A new once-daily AIDS drug from GlaxoSmithKline and its partner Shionogi <4507.T> proved as effective as Merck & Co's twice-daily rival product Isentress in a late-stage clinical trial.

Both the new drug dolutegravir and Isentress are so-called integrase inhibitors, a new class of drugs for fighting AIDS that are designed to blocks the HIV virus from entering cells.

GSK and Shionogi said on Monday that their experimental drug dolutegravir showed non-inferiority to Isentress, or raltegravir, when given for 48 weeks alongside two older types of HIV/AIDS medicines.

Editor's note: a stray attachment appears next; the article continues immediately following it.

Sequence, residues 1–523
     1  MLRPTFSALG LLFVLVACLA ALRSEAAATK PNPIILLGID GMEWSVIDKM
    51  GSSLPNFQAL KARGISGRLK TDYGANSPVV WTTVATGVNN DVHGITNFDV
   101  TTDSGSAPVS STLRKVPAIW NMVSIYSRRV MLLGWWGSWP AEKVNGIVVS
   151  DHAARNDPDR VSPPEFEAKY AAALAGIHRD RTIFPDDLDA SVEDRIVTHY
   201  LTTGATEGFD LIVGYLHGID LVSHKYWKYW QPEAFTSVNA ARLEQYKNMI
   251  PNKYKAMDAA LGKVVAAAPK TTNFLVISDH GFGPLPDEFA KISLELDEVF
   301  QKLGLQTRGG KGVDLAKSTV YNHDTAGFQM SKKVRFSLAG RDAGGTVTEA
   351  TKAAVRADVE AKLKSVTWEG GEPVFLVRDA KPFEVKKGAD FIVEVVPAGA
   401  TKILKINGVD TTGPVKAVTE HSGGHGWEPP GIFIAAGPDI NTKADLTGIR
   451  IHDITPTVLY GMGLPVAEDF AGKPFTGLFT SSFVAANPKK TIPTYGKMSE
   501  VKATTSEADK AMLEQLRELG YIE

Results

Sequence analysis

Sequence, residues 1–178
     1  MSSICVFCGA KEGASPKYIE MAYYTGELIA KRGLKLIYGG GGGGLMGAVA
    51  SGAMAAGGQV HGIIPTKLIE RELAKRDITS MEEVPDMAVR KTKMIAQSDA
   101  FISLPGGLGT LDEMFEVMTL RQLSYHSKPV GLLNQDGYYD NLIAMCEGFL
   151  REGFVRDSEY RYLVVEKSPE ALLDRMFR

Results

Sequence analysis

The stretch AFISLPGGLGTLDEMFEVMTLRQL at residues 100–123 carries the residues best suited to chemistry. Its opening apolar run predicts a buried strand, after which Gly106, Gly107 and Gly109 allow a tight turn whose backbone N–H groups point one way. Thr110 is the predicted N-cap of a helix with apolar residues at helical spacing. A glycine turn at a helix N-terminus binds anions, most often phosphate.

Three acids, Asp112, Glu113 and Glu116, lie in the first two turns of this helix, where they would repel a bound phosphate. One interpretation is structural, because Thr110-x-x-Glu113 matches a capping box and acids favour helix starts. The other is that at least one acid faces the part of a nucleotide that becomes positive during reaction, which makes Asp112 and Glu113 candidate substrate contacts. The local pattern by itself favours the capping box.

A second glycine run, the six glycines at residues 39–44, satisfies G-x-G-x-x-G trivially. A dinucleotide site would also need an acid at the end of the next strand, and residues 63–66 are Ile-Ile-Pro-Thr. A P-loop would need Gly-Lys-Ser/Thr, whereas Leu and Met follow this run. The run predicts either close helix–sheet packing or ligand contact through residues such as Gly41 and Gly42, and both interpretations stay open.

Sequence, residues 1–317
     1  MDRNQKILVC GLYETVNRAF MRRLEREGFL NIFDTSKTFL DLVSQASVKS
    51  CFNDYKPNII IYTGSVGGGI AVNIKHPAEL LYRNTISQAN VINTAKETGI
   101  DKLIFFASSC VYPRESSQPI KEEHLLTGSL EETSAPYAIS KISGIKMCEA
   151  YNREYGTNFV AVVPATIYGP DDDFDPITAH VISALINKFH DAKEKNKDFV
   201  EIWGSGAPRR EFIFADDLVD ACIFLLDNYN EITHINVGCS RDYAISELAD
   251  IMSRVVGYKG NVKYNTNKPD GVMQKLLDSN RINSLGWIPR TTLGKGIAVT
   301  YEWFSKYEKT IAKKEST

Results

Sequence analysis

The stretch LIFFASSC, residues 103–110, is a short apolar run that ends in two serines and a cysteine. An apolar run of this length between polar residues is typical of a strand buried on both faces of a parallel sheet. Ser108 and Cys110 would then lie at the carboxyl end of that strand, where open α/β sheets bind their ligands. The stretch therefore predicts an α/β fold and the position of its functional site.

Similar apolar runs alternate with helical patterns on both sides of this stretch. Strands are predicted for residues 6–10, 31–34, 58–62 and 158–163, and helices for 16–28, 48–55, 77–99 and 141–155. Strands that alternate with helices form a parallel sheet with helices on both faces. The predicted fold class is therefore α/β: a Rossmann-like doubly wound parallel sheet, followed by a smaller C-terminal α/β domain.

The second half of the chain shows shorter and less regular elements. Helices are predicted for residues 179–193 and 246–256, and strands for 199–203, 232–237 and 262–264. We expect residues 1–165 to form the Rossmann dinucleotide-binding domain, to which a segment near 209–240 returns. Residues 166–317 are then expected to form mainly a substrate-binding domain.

In total, 88 percent of study participants on once-daily dolutegravir had their virus suppressed against 85 percent of those on twice-daily Isentress.

Merck's drug, which had sales of $1.4 billion (876 billion pounds) last year, is currently the only integrase inhibitor approved by regulators. In addition to GSK/Shionogi, Gilead also has a rival product in Phase III testing called elvitegravir.

(Reporting by Ben Hirschler)